It’s too early to be blogging about Advent.
I know what you’re thinking. Well, ok, I know what you might be thinking. Either a: “what is Advent?” or b: “too early? It’s half over already!”
This is my first time giving Advent a try, so I’m kind of fumbling my way through here. I had no plans to observe it coming into the season, but some friends from church invited me to join them for a study and I said yes.
I think most of us in the group have never done this before; it’s not a very Baptist thing to do. Advent is the time Christians long ago set aside to prepare for Christmas. It’s a time for pondering the mystery of God becoming one of us.
Full disclosure, I’m a huge fan of the Incarnation, but not so big on finding more things to celebrate. I have a hard enough time infusing one day with meaning—Advent just feels like a whole month of days to fail at being holy. Plus I have a slightly radical streak that rebels against the whole idea of being compelled to celebrate something at an artificial and arbitrary time. Why can’t we be thankful all year? Why can’t we celebrate God with us every day? Why can’t we revel in the resurrection continuously?
By now you can probably tell the problem isn’t Advent. The problem is me.
The problem isn’t the suggestion that we spend a month preparing to celebrate a day that changed every other day since. The problem is the temptation to be a perfectionist, making up laws and judging myself righteous by them. Maybe some people feel compelled to do this, but that’s not Advent’s fault. At least not if you’re a Baptist.
In my context Advent is something that’s not from the Bible, but is a good, biblical suggestion from the broader church across generations and denominations. It’s an opportunity to take or leave. Have a hard time making much of Christ on Christmas? Here are some ideas to get you in the spirit.
Of course, leave it to me to take a time set aside for pondering Christ and instead pondering my own heart and habits.
On the bright side, I’m making some encouraging discoveries:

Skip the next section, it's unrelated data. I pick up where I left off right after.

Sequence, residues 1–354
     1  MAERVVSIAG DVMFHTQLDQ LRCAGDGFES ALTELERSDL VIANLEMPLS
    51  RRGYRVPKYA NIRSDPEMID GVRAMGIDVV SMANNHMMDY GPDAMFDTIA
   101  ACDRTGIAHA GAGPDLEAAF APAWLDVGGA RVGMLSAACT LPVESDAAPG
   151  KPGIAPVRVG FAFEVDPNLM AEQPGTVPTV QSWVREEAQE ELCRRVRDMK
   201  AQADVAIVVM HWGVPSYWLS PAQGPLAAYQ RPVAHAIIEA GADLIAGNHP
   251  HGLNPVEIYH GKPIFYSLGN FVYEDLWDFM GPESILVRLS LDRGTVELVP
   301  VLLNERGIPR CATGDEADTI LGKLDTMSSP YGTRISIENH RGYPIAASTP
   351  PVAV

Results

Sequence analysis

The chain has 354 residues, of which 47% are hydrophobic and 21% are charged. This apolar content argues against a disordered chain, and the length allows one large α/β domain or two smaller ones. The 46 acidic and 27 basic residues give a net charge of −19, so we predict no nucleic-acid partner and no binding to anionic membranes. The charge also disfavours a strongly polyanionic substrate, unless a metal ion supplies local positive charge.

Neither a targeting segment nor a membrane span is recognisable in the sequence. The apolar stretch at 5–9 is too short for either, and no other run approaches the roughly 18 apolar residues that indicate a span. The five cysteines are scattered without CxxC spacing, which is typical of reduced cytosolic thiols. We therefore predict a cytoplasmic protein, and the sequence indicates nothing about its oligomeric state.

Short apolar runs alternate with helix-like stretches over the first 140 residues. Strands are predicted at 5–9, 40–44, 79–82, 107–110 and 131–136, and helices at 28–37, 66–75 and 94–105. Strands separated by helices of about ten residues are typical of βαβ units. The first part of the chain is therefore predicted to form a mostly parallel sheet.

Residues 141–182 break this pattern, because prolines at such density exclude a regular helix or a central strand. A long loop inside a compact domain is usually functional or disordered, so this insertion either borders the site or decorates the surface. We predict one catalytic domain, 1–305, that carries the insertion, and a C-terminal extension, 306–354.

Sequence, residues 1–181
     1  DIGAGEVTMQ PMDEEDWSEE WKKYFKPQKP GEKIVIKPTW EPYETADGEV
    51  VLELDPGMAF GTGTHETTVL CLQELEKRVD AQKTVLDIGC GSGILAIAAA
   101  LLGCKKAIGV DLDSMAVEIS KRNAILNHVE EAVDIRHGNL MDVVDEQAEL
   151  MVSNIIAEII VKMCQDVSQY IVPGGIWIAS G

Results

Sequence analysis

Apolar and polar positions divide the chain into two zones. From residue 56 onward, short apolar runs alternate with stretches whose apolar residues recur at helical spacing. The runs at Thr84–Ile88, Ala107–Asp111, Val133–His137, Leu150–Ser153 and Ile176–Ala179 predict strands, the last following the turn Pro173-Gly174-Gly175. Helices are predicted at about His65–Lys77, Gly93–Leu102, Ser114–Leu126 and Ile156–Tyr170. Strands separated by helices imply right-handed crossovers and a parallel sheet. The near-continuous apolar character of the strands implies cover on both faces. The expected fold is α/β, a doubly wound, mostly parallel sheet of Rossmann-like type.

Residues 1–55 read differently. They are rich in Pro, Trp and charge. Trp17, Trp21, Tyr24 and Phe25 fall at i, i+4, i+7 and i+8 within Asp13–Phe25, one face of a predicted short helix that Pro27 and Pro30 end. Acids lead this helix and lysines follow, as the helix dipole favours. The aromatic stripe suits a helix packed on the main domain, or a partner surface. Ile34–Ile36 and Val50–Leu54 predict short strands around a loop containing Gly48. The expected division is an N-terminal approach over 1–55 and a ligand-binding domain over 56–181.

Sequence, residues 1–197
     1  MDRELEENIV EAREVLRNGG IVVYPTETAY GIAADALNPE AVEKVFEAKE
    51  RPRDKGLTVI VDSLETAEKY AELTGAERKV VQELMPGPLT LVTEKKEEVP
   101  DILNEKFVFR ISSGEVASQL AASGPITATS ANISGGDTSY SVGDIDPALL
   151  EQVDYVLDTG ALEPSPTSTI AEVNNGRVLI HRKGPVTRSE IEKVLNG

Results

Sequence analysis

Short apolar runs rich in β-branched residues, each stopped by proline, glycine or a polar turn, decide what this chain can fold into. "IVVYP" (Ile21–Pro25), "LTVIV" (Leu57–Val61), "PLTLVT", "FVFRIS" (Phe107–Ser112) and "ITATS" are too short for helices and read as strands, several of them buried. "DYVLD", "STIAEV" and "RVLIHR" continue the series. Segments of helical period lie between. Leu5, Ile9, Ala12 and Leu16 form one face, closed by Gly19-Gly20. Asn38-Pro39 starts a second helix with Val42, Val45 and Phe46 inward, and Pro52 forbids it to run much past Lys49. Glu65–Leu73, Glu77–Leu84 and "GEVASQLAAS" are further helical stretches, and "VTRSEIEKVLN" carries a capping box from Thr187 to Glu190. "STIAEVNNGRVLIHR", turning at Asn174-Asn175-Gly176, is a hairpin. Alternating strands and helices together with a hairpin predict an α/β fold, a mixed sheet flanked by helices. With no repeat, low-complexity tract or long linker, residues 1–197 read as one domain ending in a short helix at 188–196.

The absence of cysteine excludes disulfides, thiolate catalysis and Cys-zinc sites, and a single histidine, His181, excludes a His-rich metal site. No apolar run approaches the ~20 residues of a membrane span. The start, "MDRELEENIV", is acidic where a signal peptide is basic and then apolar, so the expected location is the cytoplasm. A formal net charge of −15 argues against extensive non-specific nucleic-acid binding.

First, I’m discovering that celebrating and meditating on the Incarnation is something I do all the time. I owe that to my theology professors at Dallas Seminary. They taught me that God becoming one of us is central to everything we do. We know the Father through the Son. We are sent into the world just as the Son was sent to us. We become all things to all people so that we might save some in the same way Jesus became man without giving up His divinity. God’s revelation is always contextualized, and that’s a gracious gift. To Drs. Burns, Horrell, Kreider, and Svigel, THANK YOU! What a gift!
Second, (and hopefully this doesn’t get me into too much trouble), there’s a sense in which we celebrate Advent without knowing it. We put up the lights after Thanksgiving, we play Christmas music all month, we send out cards (sometimes) and bake goodies and watch Christmas movies. You can do all of these without savoring the birth of Jesus, but each one is an invitation to ponder, to meditate, to prepare your heart for the big day. It’s not much like the way the church has celebrated in the past, but it’s an opportunity to accomplish the same goals.
I don’t know if I’ll follow an Advent curriculum next year. We’ll see how the rest of this year pans out. But I’m all for taking advantage of the traditions we already have and share, for redeeming the culturally neutral activities.
And if you’re not already doing something for Advent, I invite you all to do the same. Let the things you’re already doing for the season invite you to ponder what Jesus did and prepare your heart for Christmas Day. While you hang your lights, ponder what it means that Jesus was the light that came into the darkness (John 1:4, 5). While you listen to Christmas music, ponder the image of God in man that longs for the love and peace and joy that Jesus offers us. While you bake goodies to share with family and friends, consider the joy the Father had in sending His Son to us—even the joy the Son had in giving Himself to us.
May your days be merry and bright!